It's likely to be September before Pike River Recovery Agency personnel move beyond the 170-metre mark in the mine's drift.
No items of interest have been found in the latest forensic search of the tunnel between 30 and 170 metres, however, both the police and the Pike River Recovery Agency say it has been useful.
The agency's chief executive, Dave Gawn told Morning Report it was important to ensure that the team carried out a forensic search from the portal to the roof fall.
He was confident nothing had been missed, although they still had to empty the weirs, including silt on bottom of weirs. From what they could see it was unlikely they would find anything of interest in the weirs.
Asked about the next stage of the search Mr Gawn said: "Right now we're going through and planning the ventilation and looking at doing some trials possibly.
"As we go through the regulatory process to get approval of the final detailed execution plan we'll be doing work on top of the hill to put in place the venturi operations that's part of the ventilation plan as well as the removal of the water infrastructure between the 30 metre mark to 170 metres mark."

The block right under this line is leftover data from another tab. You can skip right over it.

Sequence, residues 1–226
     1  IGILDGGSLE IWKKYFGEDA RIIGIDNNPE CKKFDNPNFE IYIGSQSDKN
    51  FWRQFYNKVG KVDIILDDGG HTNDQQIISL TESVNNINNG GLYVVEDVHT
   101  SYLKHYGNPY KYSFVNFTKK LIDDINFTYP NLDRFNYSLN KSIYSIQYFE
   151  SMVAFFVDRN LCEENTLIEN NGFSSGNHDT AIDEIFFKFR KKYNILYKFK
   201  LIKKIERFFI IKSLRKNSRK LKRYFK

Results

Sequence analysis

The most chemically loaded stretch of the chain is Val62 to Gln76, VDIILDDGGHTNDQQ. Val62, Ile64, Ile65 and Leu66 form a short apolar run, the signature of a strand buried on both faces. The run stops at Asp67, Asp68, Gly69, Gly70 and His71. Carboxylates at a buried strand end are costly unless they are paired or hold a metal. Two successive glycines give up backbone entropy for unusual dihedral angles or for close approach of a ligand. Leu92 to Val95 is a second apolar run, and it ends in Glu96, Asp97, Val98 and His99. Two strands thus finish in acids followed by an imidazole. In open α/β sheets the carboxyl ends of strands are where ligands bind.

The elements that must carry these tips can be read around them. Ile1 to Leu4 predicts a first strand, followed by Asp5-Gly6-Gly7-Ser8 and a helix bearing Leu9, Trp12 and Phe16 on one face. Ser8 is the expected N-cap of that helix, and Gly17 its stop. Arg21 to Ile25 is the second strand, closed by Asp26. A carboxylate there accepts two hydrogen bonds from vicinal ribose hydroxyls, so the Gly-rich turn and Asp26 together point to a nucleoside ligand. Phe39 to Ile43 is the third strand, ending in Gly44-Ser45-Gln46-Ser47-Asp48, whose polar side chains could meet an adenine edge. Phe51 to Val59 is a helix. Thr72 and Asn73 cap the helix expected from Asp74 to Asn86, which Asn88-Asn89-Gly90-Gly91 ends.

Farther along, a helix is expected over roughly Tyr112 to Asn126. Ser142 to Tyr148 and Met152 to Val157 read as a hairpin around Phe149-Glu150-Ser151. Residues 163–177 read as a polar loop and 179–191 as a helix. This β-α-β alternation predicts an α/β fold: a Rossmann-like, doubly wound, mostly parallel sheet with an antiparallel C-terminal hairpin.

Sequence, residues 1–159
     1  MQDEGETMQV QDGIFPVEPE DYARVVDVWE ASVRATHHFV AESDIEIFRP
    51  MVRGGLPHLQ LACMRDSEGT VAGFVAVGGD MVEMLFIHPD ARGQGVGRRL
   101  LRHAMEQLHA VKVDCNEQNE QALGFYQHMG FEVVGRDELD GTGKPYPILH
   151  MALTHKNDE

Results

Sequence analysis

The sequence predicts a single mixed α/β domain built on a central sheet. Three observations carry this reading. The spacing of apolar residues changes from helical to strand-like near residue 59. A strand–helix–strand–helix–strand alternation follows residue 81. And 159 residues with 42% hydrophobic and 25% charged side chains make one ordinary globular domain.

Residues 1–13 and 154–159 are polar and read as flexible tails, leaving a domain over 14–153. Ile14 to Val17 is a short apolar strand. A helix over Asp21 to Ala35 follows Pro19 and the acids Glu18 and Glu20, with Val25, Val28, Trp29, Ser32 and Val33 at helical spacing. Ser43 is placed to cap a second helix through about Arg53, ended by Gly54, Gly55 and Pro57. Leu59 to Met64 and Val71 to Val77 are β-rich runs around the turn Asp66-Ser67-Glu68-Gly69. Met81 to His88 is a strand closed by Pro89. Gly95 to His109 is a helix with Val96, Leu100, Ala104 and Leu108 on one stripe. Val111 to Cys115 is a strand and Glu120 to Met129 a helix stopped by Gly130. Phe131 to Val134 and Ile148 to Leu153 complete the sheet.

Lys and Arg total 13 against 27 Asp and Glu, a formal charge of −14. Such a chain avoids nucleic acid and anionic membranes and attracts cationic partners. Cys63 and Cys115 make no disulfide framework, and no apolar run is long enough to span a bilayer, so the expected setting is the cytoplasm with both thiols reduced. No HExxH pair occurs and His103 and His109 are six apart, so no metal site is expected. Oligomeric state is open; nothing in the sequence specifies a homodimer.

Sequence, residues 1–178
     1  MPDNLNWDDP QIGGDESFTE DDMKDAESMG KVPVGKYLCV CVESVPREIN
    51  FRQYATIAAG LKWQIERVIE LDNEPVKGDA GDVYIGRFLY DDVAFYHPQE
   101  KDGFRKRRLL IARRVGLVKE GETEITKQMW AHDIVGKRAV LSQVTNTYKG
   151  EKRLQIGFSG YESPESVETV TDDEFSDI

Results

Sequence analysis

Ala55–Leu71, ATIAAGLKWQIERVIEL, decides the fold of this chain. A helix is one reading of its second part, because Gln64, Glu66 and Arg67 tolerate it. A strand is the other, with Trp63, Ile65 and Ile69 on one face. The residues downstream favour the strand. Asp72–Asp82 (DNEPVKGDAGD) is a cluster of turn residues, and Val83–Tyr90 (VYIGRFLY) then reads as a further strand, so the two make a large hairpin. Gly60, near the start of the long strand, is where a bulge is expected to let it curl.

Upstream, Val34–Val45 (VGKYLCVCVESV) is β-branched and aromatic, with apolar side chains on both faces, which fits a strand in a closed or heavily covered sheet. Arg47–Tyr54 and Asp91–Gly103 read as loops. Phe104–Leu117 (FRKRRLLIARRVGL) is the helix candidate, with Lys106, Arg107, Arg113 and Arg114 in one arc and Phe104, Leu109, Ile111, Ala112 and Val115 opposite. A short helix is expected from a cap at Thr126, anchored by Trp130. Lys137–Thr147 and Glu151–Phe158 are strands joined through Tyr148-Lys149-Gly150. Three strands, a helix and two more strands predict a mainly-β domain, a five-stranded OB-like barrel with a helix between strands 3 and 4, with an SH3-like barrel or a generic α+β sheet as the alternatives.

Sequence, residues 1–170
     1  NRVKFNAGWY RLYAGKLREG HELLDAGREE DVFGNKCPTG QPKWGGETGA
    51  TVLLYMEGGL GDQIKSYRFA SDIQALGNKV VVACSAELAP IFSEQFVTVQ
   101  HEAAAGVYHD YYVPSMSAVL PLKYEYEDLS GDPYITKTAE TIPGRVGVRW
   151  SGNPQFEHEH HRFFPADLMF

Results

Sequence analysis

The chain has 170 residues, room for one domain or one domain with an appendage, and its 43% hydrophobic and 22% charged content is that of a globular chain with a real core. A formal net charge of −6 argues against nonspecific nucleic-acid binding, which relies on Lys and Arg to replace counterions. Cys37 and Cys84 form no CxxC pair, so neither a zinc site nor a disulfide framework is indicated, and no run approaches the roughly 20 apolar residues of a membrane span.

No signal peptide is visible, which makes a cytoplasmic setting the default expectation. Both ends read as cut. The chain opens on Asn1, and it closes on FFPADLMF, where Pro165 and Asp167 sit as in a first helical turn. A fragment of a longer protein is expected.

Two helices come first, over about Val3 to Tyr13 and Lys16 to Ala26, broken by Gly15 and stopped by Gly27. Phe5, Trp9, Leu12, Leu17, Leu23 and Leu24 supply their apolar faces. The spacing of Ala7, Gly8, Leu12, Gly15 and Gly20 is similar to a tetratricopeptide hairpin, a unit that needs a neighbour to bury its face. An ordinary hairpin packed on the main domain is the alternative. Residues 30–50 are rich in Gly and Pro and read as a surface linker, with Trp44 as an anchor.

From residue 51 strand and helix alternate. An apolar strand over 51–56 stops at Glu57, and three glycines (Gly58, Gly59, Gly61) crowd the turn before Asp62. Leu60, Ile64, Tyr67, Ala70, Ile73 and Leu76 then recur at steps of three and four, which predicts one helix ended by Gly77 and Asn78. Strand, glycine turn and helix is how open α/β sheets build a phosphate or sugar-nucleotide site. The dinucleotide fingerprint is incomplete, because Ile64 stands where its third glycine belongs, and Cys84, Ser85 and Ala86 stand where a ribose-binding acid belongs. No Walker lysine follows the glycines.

He said it was 2300 metres to the roof fall. "Of that, there's about 400 metres that's not had any sort of eyes laid on, in terms of cameras or anything else.
"But the reality is that there's been no human presence beyond about 300 metres from the original reccy that was designed to identify the best place for the 170-metre mark."
He said he was sure searchers would reach Pit Bottom in Stone. "The main area of forensic interest around Pit Bottom and Stone and all the electronic equipment that's in there we're confident we'll get that... Once we get in there and see the conditions beyond that we'll be able to make a better assessment for the last 400 metres."
It would take six to eight weeks to remove all the water infrastructure, including dams, walkways, gabion baskets, the grizzlies and the concrete blocks. So he estimated it would be about September before teams could move beyond the 170-metre mark.
The underground team is looking for forensic evidence concerning the initial explosion and police have described the operation so far as a useful exercise in basic scene examination processes.